But winning the crown was just the beginning of the battle. Myerson was urged by the pageant director to change her name to sound less Jewish and, unlike most Miss Americas before her, Myerson did not pose with Ford cars or model Catalina bathing suits. “Those companies didn’t want a Jewish woman representing them,” Myerson recalled in an interview.
After being denied entrance to a southern country club that didn’t admit Jews, Myerson accepted a post with the Anti-Defamation League, speaking out about religious and racial discrimination. Later, Myerson successfully pursued a career in television—as a panelist and MC on popular 1950s shows—as well as in politics, as New York’s first Commissioner of Consumer Affairs.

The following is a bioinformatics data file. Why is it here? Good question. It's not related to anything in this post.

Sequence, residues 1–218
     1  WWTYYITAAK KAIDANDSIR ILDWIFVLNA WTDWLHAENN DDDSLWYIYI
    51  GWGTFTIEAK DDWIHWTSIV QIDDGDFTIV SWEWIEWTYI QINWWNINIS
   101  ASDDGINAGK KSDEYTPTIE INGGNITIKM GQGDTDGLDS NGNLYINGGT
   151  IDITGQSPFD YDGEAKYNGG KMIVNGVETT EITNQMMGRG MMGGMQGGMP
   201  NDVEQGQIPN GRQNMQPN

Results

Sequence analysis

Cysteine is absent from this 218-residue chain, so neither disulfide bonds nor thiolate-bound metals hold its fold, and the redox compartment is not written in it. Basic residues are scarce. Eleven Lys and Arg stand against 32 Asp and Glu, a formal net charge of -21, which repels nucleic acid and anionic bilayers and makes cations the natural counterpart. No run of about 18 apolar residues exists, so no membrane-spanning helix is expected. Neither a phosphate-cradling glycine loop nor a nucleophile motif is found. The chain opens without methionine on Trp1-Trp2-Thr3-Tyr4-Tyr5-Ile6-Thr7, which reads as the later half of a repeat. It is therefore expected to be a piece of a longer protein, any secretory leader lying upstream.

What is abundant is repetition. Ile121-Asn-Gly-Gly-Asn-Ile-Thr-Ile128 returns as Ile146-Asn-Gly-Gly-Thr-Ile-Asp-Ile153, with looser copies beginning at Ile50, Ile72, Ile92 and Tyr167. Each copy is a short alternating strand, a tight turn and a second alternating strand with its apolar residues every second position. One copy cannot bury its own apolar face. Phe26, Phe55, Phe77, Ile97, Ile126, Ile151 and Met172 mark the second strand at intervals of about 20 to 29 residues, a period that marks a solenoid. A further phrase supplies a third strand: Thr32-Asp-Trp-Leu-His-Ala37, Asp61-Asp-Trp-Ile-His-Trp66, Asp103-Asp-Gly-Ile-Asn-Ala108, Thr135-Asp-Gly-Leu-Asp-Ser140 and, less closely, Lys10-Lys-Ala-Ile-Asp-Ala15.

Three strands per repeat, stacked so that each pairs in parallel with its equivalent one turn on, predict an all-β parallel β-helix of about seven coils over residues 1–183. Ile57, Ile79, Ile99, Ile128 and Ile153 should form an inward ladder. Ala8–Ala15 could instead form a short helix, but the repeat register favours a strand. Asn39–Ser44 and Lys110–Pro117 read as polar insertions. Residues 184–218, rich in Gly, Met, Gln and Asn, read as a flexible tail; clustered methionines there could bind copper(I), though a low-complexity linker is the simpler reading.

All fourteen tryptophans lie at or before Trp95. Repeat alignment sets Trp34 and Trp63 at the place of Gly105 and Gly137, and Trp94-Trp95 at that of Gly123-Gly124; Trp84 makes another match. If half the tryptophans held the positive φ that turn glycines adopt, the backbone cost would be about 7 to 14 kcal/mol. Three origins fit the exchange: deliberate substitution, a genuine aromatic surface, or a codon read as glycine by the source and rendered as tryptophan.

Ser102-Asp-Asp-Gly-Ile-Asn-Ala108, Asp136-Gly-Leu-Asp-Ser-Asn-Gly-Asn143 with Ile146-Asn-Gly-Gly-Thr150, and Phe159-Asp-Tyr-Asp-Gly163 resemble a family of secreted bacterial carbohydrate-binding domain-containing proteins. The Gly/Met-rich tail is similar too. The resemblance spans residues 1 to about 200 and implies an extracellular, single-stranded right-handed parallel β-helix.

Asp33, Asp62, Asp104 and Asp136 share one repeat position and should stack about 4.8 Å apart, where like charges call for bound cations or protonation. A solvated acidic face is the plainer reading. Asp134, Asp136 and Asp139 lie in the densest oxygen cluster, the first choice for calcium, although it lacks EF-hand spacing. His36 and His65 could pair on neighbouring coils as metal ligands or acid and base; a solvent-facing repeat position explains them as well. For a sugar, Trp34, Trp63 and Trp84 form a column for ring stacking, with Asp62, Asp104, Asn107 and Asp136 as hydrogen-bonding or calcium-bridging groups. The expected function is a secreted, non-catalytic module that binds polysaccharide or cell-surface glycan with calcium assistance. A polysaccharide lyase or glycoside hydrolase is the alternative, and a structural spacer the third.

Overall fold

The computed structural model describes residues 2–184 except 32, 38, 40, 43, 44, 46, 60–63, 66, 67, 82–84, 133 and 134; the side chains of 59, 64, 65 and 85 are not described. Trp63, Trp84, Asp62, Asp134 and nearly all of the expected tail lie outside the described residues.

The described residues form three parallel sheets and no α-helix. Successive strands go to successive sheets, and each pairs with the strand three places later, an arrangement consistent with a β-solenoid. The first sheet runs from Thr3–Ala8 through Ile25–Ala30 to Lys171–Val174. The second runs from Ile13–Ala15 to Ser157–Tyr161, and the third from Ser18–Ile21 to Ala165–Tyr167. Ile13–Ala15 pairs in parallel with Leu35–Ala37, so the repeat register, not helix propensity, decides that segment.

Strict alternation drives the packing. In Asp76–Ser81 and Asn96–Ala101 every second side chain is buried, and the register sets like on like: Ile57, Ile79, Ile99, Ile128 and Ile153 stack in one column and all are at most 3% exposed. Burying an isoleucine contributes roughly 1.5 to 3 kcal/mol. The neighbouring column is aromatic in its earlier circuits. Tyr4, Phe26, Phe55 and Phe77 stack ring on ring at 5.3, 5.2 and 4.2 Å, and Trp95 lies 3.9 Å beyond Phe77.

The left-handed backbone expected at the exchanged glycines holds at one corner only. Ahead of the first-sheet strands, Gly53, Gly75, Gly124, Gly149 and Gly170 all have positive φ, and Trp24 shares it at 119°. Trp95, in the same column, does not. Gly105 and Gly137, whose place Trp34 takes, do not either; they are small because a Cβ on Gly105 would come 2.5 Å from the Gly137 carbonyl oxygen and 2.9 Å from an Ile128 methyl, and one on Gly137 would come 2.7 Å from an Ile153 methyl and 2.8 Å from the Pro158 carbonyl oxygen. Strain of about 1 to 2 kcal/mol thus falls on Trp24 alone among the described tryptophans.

While three more decades would pass before a woman of color took the Miss America crown, Myerson’s groundbreaking win helped Americans see another image of beauty. Nearly 70 years later, though Myerson has left New York for sunnier pastures, her mark on the city—and on the generations she inspired—is indelible.